$\displaystyle\frac{(x+1)(x+2)}{(x-1)(x+1)}=\frac{6}{5}$.

Cross-multiplying,

$5x^2+15x + 10=6x^2-6$,

Or, $x^2-15x-16=0$,

Or, $(x+1)(x-16)=0$.

As $x$ can't be negative, $x=16$.

**Answer:** Option a: 16.

**Key concept used:** Basic ratio concept --- Basic time and work concept -- * Mandays technique* -- Solving quadratic equation --

**Solving in mind.****Problem 6.**

If $x$ runs are scored by A, $y$ runs are scored by B and $z$ runs are scored by C, then $x:y=y:z=3:2$. If total number of runs scored by A, B and C is 342, the runs scored by each would respectively be,

- 189, 126, 84
- 162, 108, 72
- 144, 96, 64
- 180, 120, 80

**Solution 6: Problem analysis and solving in mind by ratio joining**

By the given information, $x$, $y$ and $z$ are in a continued equation,

$\displaystyle\frac{x}{y}=\frac{y}{z}=\frac{3}{2}$.

We split up the continued equation to its component two part equations,

$\displaystyle\frac{x}{y}=\frac{3}{2}$, and

$\displaystyle\frac{y}{z}=\frac{3}{2}$.

To join the two ratios, we equalize the ratio value of the middle variable to the LCM of its two values 2 and 3, that is 6.

The first equation is thus converted to,

$\displaystyle\frac{x}{y}=\frac{9}{6}$.

And the second equation to,

$\displaystyle\frac{y}{z}=\frac{6}{4}$.

Joining the two ratios we have,

$x : y : z=9 : 6 : 4=9a : 6a : 4a$, introducing the cancelled out HCF as $a$.

Total number of runs is then,

$a(9+6+4)=19a=342$,

Or, $a=18$.

So, $x=9a=162$, $y=6a=108$, and $z=4a=72$.

**Answer:** Option b: 162, 108, 72.

**Key concepts used:** Splitting up the continued equation into two ratios -- ** Ratio joining by equalizing the middle term ratio value** --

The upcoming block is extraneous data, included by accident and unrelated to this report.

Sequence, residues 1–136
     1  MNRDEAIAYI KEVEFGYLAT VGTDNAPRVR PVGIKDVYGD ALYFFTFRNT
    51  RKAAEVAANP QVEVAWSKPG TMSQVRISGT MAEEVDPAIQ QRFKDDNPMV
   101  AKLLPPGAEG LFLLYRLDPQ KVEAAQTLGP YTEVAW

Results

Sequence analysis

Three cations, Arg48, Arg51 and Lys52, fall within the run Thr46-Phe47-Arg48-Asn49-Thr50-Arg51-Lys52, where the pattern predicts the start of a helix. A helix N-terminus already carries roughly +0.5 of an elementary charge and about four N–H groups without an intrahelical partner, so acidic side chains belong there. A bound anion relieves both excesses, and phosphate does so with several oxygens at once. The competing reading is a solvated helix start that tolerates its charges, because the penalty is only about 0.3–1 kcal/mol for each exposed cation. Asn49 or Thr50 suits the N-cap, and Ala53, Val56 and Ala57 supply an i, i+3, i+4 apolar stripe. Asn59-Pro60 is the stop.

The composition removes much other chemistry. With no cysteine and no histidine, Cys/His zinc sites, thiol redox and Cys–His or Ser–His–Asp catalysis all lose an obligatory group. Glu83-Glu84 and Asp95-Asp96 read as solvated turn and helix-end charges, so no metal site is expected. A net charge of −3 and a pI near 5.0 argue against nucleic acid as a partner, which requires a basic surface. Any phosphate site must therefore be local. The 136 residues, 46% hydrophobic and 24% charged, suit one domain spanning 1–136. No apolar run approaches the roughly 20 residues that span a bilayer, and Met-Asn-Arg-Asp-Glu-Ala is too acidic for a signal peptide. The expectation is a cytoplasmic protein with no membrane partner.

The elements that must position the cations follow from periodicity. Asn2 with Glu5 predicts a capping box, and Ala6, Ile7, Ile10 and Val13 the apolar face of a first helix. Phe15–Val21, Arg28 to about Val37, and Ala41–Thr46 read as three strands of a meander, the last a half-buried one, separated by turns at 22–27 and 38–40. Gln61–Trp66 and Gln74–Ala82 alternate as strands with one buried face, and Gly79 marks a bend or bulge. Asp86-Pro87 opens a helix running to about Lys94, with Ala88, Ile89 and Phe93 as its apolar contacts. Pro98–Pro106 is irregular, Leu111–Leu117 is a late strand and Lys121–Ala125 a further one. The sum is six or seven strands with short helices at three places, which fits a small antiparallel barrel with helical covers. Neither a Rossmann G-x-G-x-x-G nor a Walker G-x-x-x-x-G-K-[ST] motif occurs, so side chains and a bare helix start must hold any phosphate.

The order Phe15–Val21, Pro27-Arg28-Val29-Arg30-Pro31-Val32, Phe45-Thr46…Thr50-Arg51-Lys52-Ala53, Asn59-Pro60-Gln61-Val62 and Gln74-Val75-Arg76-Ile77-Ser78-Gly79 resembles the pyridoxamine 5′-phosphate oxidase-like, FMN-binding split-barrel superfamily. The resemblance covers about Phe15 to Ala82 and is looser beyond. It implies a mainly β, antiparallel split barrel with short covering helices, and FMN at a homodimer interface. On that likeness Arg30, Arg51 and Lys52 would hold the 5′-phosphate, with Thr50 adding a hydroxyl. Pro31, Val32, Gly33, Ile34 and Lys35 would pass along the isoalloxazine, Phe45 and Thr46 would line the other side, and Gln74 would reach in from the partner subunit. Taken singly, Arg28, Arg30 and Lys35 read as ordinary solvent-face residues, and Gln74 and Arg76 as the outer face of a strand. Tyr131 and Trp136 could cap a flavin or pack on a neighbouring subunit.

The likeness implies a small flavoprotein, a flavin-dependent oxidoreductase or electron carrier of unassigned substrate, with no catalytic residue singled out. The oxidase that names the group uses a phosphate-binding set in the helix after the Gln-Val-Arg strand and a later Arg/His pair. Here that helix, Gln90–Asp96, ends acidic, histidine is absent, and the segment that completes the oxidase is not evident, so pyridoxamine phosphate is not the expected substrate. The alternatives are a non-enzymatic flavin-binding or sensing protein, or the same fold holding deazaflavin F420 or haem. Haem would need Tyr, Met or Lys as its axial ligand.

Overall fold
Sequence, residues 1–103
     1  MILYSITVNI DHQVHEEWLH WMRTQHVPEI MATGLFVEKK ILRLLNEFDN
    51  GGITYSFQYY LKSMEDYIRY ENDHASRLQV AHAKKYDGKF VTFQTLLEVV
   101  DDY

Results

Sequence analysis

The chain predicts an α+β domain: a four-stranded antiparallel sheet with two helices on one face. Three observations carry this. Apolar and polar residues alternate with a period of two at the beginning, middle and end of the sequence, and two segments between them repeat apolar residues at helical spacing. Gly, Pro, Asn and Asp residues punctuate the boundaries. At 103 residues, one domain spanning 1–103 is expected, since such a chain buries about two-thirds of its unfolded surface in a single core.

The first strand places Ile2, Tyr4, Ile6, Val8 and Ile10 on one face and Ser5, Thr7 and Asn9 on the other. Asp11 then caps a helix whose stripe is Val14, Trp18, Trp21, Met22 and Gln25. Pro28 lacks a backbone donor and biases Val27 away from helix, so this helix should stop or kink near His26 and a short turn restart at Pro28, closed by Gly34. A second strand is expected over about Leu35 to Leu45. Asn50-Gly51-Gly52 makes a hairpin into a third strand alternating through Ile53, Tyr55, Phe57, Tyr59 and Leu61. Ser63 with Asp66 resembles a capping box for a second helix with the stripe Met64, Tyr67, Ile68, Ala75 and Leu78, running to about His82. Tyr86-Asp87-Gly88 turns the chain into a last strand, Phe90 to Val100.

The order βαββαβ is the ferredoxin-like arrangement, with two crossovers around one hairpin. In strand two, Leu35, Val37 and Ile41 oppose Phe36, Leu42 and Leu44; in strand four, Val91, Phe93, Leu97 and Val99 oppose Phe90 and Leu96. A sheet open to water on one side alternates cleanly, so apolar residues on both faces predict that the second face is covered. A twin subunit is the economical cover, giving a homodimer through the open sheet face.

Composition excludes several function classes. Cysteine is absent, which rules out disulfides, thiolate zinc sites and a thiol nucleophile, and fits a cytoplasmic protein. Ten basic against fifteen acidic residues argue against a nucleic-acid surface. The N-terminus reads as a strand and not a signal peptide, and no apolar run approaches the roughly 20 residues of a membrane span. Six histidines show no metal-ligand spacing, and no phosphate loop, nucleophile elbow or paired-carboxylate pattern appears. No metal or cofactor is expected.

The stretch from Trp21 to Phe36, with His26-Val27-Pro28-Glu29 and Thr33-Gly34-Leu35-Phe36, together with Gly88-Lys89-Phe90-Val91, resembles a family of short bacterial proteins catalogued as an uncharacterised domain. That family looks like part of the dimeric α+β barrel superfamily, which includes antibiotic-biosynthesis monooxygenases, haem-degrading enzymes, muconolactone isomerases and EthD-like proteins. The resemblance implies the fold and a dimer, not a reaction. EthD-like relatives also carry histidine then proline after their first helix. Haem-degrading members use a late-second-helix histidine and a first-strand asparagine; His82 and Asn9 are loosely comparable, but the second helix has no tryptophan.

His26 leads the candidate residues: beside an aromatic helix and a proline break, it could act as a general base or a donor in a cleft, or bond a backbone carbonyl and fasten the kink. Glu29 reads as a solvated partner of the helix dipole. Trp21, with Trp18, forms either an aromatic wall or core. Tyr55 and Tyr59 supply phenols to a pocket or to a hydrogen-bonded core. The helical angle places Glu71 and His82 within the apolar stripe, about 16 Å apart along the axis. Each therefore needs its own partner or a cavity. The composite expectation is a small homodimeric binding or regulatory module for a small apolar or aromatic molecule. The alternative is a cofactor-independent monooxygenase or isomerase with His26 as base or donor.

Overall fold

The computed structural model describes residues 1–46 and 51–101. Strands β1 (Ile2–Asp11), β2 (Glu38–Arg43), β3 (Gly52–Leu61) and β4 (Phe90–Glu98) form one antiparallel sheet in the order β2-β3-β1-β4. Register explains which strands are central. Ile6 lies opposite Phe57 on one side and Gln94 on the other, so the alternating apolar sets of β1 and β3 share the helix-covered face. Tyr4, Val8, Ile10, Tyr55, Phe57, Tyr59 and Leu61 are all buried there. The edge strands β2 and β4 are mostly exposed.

**.**

*HCF reintroduction technique -- Portions concept -- Solving in mind***Problem 7.**

If 25 less are selected while 50 less had applied, the ratio of selected to unselected would have been 9 : 4. So, how many candidates had applied if the ratio of selected to unselected were 2 : 1?

- 500
- 125
- 250
- 375

**Solution 7: Problem analysis and solution by careful problem analysis and context awareness**

The problem involves two selection events. The ratio of selected to unselected of the first event is given at the end of problem statement, while the ratio result of the second selection event in terms of the first was stated in the beginning. With careful reading and analysis of the problem, its meaning should be understood very clearly. This is **problem analysis** and **problem definition** phase.

Assuming $A$ and $B$ to be the number of selected and unselected candidates during first selection, by the problem statement,

$\displaystyle\frac{A}{B}=\frac{2}{1}$,

Or, $A=2B$.

Number of candidates applied then is,

$A+B=3B$.

In the second selection event where 25 less were selected and 50 less had applied (take careful note of this, it is not the figure of unselected), the number of unselected in this case would be,

$(3B-50)-(A-25)=3B-A-25=B-25$.

The ratio of selected to unselected would then be by definition,

$\displaystyle\frac{A-25}{B-25}=\frac{9}{4}$,

Or, $\displaystyle\frac{2B-25}{B-25}=\frac{9}{4}$.

Cross-multiplying,

$8B-100=9B-225$,

Or, $B=125$, and total number candidates that had applied,

$3B=375$.

**Answer: **Option** **d: 375.

**Key concepts used:** Basic ratio concepts -- Rich ratio concepts -- *Problem analysis -- Problem definition -- Context awareness***.**

With careful tracking of events and variables, the problem has turned out to be simple enough.

**Problem 8.**

Before a war the ratio of planes to tanks in an army was 3 : 5. During the war 800 planes and 1000 tanks were destroyed. The ratio of planes to tanks became 1 : 2. What is the number of tanks after the war?

- 2000
- 4000
- 1000
- 3000

**Solution 8: Problem analysis and solving in mind using substitution**

If $P$ and $T$ were the number of planes and number of tanks before the war,

$\displaystyle\frac{P}{T}=\frac{3}{5}$,

Or, $5P=3T$,

Or, $P=\displaystyle\frac{3}{5}T$.

After the war the ratio is changed to,

$\displaystyle\frac{P-800}{T-1000}=\frac{1}{2}$.

Substituting the value of $P$,

$\displaystyle\frac{\frac{3}{5}T-800}{T-1000}=\frac{1}{2}$,

Or, $\displaystyle\frac{3T-4000}{5T-5000}=\frac{1}{2}$.